Olympic National Park plans overlooks out of parts of old Glines Canyon Dam on Elwha River
The National Park Service plans to transform the site of the former Glines Canyon Dam into a destination where the public can learn about the ongoing efforts to restore the Elwha River…. The removal of Glines Canyon Dam was completed with a final blast Aug. 26, but the abutments on either side of the once-210-foot-tall structure were left in place to eventually serve as observation points. Michael J. Foster reports. (Peninsula Daily News)

Taking a moment for reflection, but I’m not saying good-bye
Chris Dunagan at Kitsap Sun's Watching Our Water Ways writes: "After 37 years at the Kitsap Sun, I’m writing one last salmon story today as a member of the newsroom staff. I was offered an early-retirement package, and I decided to take it. But that does not mean I’ll soon be shopping for a rocking chair. For one thing, I plan to continue writing this blog, and I intend to beef it up with even more original reporting. I’m also committed to completing the Kitsap Sun’s 10-part series called ‘Taking the Pulse of Puget Sound.’ The series has examined every corner of our troubled waterway, taking clues from the Puget Sound Partnership’s 'vital signs indicators.' Beyond those projects, I will continue to work for the Sun in a freelance capacity." See: Salmon soon to make a splash in Kitsap waters

Cherry Point Aquatic Reserve focus of Bellingham forum
People can learn about Cherry Point herring and the risks that increased vessel and rail transportation pose to the Salish Sea during a Saturday, Oct. 25, forum about the Cherry Point Aquatic Reserve. The event is free and open to the public. It is 9:30 a.m. to 3 p.m. at Bellingham Technical College, Building G Room 102A/103B, at 3028 Lindbergh Ave. The Cherry Point Aquatic Reserve Citizen Stewardship Committee is hosting the event. Kie Relyea reports. (Bellingham Herald)

Environmental Groups Say Oregon Got It Wrong With Oil Terminal Permit
Local and national environmental groups filed a petition Friday claiming Oregon erred in granting an air quality permit to Oregon’s largest oil train terminal. Their petition claims the Department of Environmental Quality should have considered pollution from the trains and ships that move oil in and out of the terminal, rather than just the terminal itself. Columbia Riverkeeper, the Center for Biological Diversity, Sierra Club, Neighbors for Clean Air and the Northwest Environmental Defense Center jointly filed the petition challenging the permit for the facility at Port Westward, about 60 miles west of Portland. Tony Schick reports. (EarthFix)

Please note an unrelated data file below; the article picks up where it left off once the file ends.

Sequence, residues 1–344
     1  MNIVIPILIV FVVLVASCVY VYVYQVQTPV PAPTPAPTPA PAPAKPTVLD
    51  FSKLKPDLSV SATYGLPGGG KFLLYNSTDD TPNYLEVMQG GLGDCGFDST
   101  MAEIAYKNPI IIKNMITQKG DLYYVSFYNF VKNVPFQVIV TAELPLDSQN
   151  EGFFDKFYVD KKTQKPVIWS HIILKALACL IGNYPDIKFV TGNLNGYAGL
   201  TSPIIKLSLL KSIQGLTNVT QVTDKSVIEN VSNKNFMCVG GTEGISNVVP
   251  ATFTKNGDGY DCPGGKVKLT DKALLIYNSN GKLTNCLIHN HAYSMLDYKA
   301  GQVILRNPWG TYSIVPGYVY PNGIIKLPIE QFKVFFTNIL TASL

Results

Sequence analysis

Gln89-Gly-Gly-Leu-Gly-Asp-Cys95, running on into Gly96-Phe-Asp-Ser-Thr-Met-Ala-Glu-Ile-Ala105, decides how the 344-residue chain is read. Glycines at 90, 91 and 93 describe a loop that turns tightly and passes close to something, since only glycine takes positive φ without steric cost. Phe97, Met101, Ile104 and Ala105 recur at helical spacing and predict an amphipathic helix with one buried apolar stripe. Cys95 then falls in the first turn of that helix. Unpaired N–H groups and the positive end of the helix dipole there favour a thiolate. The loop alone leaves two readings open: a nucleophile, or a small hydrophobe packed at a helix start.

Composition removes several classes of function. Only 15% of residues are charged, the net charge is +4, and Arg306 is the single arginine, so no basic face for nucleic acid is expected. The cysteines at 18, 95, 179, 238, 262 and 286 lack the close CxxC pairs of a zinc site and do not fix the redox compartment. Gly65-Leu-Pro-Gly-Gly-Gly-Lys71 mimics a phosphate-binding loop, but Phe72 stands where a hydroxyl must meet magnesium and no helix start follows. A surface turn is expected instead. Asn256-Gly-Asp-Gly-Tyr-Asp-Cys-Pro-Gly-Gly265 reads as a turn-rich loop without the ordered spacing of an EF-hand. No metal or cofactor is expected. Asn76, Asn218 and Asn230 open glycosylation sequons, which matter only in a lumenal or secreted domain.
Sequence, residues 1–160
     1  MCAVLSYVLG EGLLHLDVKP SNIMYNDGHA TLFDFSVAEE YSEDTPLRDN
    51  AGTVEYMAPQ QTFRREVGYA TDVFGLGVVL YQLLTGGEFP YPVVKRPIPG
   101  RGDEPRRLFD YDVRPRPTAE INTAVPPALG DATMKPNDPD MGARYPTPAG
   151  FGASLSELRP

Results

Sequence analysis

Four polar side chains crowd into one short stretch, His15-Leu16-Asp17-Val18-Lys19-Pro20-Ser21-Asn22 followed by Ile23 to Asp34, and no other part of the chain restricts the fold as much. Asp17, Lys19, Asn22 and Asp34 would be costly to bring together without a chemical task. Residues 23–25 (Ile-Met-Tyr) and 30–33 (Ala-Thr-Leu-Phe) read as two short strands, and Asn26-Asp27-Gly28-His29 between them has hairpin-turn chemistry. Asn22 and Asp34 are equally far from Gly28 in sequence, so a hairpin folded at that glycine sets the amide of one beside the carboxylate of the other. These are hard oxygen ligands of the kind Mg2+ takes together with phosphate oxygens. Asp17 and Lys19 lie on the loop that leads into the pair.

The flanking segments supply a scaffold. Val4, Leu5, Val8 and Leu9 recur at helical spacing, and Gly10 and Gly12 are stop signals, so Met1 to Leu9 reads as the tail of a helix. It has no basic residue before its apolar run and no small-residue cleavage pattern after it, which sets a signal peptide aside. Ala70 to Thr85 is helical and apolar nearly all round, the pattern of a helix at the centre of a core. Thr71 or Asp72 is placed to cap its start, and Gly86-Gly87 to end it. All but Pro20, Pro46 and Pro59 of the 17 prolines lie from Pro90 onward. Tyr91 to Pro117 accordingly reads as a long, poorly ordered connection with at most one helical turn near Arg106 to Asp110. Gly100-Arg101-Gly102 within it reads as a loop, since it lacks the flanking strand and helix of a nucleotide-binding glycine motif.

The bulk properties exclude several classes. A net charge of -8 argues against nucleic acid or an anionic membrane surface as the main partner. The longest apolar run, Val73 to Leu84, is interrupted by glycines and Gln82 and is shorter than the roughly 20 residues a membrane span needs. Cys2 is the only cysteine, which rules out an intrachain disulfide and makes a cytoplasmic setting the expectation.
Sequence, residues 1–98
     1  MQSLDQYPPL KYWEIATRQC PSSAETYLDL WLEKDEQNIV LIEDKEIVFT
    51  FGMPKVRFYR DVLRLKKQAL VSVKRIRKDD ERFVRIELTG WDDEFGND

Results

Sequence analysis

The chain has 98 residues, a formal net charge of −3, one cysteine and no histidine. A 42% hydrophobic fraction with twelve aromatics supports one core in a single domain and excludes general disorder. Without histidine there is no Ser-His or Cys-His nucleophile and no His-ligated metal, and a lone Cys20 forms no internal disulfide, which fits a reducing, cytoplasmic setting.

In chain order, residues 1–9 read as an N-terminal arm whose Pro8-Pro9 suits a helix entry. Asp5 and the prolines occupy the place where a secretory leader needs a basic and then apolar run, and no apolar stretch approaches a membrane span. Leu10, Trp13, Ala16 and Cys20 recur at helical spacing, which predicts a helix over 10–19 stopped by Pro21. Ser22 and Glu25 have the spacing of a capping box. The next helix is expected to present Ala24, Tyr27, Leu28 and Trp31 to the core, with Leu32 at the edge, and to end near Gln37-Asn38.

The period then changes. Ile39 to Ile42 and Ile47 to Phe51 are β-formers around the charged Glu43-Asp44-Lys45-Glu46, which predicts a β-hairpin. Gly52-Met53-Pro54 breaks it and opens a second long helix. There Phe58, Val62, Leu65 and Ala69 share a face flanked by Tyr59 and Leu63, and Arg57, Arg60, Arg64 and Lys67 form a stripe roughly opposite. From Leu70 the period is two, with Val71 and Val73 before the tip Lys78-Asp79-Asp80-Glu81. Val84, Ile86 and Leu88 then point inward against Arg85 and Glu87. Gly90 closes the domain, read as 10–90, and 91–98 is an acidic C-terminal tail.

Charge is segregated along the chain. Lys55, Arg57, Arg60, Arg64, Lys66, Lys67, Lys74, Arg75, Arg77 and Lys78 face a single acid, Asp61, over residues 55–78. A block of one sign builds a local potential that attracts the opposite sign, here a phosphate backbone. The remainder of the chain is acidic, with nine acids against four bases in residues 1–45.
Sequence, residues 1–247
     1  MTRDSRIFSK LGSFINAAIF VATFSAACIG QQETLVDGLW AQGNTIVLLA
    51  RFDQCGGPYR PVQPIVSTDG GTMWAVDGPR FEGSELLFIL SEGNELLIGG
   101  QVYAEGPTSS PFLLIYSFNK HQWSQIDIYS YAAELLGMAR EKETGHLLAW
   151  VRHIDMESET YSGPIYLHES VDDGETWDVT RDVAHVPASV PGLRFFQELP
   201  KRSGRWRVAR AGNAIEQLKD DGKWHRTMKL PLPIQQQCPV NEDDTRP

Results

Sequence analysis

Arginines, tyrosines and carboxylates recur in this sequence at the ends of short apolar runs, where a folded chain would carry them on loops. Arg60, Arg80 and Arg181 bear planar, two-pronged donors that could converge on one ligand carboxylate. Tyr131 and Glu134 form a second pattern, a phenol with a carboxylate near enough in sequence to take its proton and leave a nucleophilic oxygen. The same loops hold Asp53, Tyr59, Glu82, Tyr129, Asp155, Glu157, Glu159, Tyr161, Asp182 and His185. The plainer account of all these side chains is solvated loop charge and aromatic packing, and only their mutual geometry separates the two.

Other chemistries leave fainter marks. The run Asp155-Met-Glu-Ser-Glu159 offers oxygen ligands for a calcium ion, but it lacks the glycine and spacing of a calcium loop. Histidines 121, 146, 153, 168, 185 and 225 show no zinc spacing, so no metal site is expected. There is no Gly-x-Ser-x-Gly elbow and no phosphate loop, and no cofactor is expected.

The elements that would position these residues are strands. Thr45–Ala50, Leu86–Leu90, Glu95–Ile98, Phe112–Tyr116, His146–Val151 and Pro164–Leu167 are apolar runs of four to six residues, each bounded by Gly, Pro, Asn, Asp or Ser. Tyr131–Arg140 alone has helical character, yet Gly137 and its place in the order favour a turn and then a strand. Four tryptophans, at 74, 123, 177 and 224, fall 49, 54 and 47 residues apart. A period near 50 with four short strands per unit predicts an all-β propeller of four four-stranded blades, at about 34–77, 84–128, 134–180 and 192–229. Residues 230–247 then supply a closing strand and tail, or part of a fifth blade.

Now, your tug weather--
WEST ENTRANCE U.S. WATERS STRAIT OF JUAN DE FUCA- 300 AM PDT MON OCT 20 2014
SMALL CRAFT ADVISORY FOR HAZARDOUS SEAS IN EFFECT THROUGH LATE TONIGHT
TODAY
SE WIND 10 TO 15 KT. WIND WAVES 1 TO 2 FT. W SWELL 11 FT AT 15 SECONDS. SHOWERS LIKELY. A SLIGHT CHANCE OF TSTMS IN THE
 AFTERNOON.
TONIGHT
S WIND 5 TO 15 KT. WIND WAVES 2 FT OR LESS. W SWELL 11 FT AT 14 SECONDS. SHOWERS LIKELY AND A SLIGHT CHANCE OF TSTMS IN
 THE EVENING...THEN SHOWERS AFTER MIDNIGHT.
--
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2 comments:

  1. An unforgettable image from a long-ago spring is Long Beach (Washington) transformed by the shimmering blue sails of innumerable Velella. Thanks for these images of the by-the-wind sailor at sea.

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    Replies
    1. The blue sails of the Velella brought to mind the following story from Laurie MacBride: "A guy I once knew was sailing back here, single-handed, from Central America (this was many years ago) when he got into a terrible storm. His catamaran was threatening to break up - the force on the hulls was stressing them so much that they were close to breaking apart. Then suddenly he came upon a huge raft of these jellyfish with their little upraised "sails", and noticed that just downwind of them the water was relatively placid. He got into their lee, and it was calm there - and he weathered out the storm that way. In other words, Velella saved his life!"